As Coca-Cola chief executive officer James Quincey settles into his new job, he's facing a challenge most of his predecessors never worried about: digital disruption.
Consumers are increasingly shopping online, spending more time on mobile apps, and getting groceries delivered to their homes. And that's hitting Coca-Cola in ways you might not expect, Quincey said in an interview from his office in Atlanta.
When shoppers skip trips to the local mall and get their clothes at Amazon, they also forgo buying Coke at a vending machine or food court. So while the decline of retailers has mostly focused on bankrupt apparel chains and shuttered storefronts, a brand like Coca-Cola is suffering as well.
"Digital is changing the way you behave," he said. "It affects other categories that are not the primary reason you thought about making the shopping trip."
Turning Coke into a winner of the digital age -- rather than another brick-and-mortar victim -- is a key priority for Quincey.
The technological challenges faced by the 52-year-old executive, who took the reins from Muhtar Kent on May 1, are compounded by a backlash against sugary beverages.
The upheaval has led the soda giant to invest in new brands such as Suja Life and Aloe Gloe, which appeal to health-conscious consumers. Quincey also is slashing expenses and offloading large swaths of its bottling plants around the world in a bid to re-emerge as a leaner, more focused operation.
As its sales slip, Coca-Cola has seen its stock decline 4.9 per cent in the past year. That compares with a 15 per cent gain for the Standard & Poor's 500 Index.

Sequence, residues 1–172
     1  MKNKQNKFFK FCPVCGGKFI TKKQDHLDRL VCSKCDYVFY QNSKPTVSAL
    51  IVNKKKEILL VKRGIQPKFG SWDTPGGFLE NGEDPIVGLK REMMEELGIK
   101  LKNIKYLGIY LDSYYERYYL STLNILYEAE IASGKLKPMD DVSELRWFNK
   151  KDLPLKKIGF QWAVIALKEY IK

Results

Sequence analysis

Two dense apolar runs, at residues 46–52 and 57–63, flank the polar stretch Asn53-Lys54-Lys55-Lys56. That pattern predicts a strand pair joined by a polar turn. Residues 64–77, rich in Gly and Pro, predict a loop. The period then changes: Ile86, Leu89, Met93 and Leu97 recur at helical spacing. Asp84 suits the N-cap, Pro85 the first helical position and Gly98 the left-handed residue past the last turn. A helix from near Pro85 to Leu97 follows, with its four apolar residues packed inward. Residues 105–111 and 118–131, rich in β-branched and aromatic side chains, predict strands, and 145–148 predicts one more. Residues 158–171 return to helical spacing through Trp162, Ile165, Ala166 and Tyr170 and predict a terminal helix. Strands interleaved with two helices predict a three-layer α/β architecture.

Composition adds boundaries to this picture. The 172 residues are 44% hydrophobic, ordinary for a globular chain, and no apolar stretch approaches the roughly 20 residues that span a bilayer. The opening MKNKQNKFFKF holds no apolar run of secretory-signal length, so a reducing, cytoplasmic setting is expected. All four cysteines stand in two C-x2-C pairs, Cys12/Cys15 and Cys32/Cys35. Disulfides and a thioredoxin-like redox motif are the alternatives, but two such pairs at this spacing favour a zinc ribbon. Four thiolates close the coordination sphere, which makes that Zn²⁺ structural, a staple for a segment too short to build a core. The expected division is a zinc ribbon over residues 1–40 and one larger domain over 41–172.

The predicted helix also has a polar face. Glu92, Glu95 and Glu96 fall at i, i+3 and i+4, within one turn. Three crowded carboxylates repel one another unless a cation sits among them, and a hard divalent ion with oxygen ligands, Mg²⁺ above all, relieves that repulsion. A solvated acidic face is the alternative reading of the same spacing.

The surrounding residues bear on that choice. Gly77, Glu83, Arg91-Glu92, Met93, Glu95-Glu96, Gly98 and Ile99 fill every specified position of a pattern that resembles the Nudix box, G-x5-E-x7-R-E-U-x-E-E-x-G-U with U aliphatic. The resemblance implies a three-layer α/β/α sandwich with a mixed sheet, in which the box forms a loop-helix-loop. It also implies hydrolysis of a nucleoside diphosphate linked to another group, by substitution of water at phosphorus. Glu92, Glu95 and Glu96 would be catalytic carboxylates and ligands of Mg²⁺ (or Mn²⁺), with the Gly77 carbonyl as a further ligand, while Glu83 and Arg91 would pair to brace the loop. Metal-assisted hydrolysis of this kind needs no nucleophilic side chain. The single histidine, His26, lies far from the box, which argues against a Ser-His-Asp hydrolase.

But technology is a main focus for Quincey, an Englishman who has spent more than two decades at Coca-Cola. He wants to modernise the 131-year-old company and brags that there's hardly any paper in his pristine office. (Glancing over at a lone document sitting on a cabinet, Quincey apologises that one piece "crept in.")
The self-proclaimed techie drives a Tesla and uses a standing desk.
Quincey, who is fluent in Spanish, likes to put his calls on speakerphone and paces around the room while he talks.
The disruptive power of tech has been especially pronounced in some overseas markets, including China. When Quincey was chief operating officer in early 2016, he saw sales in that country slump -- hurt by a decline in sales to noodle shops and other restaurants.
Unless you're adapting to the secondary effect, you can find -- all of a sudden -- weird and surprising changes happening to you.
The shops themselves weren't the problem -- they were still selling large quantities of food -- but more customers were ordering online and having their meals delivered. The problem for Coca-Cola: The restaurants offered glass bottles and sizes that weren't suited to being transported via scooter.
"Unless you're adapting to the secondary effect, you can find -- all of a sudden -- weird and surprising changes happening to you," Quincey said.
At the same time, technology is helping Coke cut its own costs. For one, the company is no longer building customised software to run things like human resources and bill payment, relying instead on cheaper ready-made systems.
"We're not a software company -- we're in the business of making beverages," Quincey said. Tech advancements also have made some jobs at Coca-Cola obsolete. The company is currently cutting 1,200 positions, in part because it's spinning off bottling plants.
"Technology has provided lots of new ways to do things, and in the end, that displaces some work and some people," he said. "You have to adapt."